In the way lightning flashes on the horizon before a storm, so can the “aura” of migraine warn of approaching pain. Often it begins with a scintillating spot in the left or the right visual field, then broadens into an arc of flickering light and jagged lines, leaving a temporary dimness or even blindness in its wake. Then come the pounding waves of pain.
The connection between the pain and the aura has long been a mystery. But an emerging theory of migraines tightly links the two.
Cortical Spreading Depression
One of proponents of the new theory is Richard Kraig, a migraine researcher at the University of Chicago. Kraig argues that a seizurelike phenomenon in the brain known as cortical spreading depression (CSD) is the underlying cause of both migraine auras and migraine pain.
CSD, explains Kraig, “is a spreading wave of electrical silence in which cortical neurons go quiet. There’s no firing at all.”
First described in 1944 in the brain of a rabbit, CSD only recently has begun to yield up its secrets. In a 2005 study, Kraig and his colleagues found that CSD can be triggered when the normal flow of electric currents within and around brain cells is somehow reversed. If a sufficiently large group of cells is affected all at once, the reversal may spread outward through the cortex—“like a ripple on a pond,” says Kraig—with a flurry of abnormal brain-cell activity at the wavefront and temporarily exhausted, electrically “depolarized” cells in its wake.
CSD frequently begins in the visual or somatosensory cortex, which explains why the aura is commonly experienced visually or as a tactile tingling. “The scintillating lights you often see in the leading edge are likely to be from that flurry of neural activity” at the CSD wavefront,” Kraig says.
Direct study of CSD in humans has been rare. “It has been difficult to find somebody who can reliably evoke their migraine aura,” explains Michael Moskowitz, a migraine researcher at Harvard. But in 2001 Moskowitz and his colleagues reported finding one such subject, an engineer who was able to trigger his auras by playing 80 minutes of basketball beforehand. Moskowitz’s team used functional MRI to track cortical spreading depression in this subject and two others, definitively showing the link between CSD and auras.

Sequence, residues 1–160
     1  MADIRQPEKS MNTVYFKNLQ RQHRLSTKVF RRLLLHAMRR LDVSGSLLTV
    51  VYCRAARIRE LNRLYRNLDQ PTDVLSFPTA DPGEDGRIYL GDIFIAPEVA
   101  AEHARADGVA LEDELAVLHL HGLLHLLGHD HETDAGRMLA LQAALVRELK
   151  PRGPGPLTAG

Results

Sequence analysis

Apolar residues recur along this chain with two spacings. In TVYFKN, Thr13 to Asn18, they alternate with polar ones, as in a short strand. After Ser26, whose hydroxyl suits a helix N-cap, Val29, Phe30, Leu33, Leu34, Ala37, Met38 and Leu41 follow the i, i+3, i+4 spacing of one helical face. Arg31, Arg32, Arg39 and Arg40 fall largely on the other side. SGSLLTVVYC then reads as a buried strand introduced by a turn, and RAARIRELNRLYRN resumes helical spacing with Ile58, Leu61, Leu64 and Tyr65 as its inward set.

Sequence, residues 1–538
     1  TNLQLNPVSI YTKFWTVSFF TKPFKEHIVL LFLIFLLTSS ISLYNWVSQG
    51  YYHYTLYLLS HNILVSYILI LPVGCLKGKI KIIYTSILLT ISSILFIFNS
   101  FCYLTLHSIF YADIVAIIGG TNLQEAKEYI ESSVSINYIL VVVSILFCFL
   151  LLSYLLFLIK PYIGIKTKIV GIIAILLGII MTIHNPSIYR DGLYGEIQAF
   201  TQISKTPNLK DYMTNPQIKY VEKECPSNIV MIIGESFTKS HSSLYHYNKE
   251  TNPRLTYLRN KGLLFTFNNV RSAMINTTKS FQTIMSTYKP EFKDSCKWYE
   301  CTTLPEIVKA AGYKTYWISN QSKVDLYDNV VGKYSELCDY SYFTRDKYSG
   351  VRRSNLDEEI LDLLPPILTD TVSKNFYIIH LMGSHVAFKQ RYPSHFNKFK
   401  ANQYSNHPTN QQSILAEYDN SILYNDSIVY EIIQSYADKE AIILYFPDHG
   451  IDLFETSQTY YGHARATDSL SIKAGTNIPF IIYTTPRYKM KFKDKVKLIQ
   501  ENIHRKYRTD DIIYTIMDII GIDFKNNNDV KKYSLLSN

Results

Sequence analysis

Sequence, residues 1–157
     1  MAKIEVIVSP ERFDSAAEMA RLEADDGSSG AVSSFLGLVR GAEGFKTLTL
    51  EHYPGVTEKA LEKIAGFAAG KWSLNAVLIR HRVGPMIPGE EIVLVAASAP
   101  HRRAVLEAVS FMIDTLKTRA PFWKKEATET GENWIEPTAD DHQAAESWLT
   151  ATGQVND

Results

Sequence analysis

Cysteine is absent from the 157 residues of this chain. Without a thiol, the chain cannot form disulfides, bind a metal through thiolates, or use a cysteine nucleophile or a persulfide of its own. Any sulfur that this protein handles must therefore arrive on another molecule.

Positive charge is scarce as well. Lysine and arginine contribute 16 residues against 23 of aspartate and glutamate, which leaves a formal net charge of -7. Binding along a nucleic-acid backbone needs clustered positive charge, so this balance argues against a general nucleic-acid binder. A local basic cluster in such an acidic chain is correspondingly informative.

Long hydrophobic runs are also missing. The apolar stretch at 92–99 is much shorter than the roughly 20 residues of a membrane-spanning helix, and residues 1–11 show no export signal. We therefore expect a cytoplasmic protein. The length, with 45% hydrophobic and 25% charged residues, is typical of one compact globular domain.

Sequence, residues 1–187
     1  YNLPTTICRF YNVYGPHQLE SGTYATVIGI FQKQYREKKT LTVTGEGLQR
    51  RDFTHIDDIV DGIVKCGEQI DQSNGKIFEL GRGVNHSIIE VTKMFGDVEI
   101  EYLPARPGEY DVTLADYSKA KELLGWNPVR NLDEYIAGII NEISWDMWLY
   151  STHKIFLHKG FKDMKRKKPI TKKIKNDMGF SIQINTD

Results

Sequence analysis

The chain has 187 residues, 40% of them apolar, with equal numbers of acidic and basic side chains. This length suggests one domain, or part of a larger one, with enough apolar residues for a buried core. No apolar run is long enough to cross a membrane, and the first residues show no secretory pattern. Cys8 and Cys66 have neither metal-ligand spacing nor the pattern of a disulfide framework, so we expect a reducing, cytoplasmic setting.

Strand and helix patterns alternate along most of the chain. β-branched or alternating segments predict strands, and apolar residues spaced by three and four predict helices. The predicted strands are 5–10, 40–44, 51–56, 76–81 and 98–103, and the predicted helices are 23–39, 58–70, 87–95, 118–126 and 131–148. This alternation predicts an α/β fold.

Only 20 to 30 percent of migraine sufferers report auras. But Moskowitz suspects that CSD can cause migraines without the sufferer noticing an aura or connecting it to the headache.
Moskowitz cites 1994 research in which researchers at UCLA studied a young woman who developed a migraine-like headache while she lay in a positron emission tomography (PET) scanner for an unrelated project.
“She didn’t really describe any aura or other aura-like symptoms,” Moskowitz relates. “But when they looked at the blood flow measurements they saw a phenomenon that resembled cortical spreading depression.”
How Can CSD Cause Pain?
The sensory disturbances of the aura are not painful; the pain typically comes minutes to hours later. But Moskowitz and Kraig reported in 1993 that when CSD was evoked in the brain of a rat, it caused the activation of the pain-transmitting “trigeminal” nerve system in the meninges, the sensitive membranes that cover the brain.
Kraig and Moskowitz believe that when neurons and other cells experience the electrical surge of the passing CSD wavefront, they abnormally spurt nerve-irritating chemicals into the brain. “Neurotransmitters and potassium and hydrogen ions and all sorts of bad actors get released into the extracellular space,” says Moskowitz, “and we think they accumulate at the surface where the meningeal tissues lie and the trigeminal nerve endings travel.”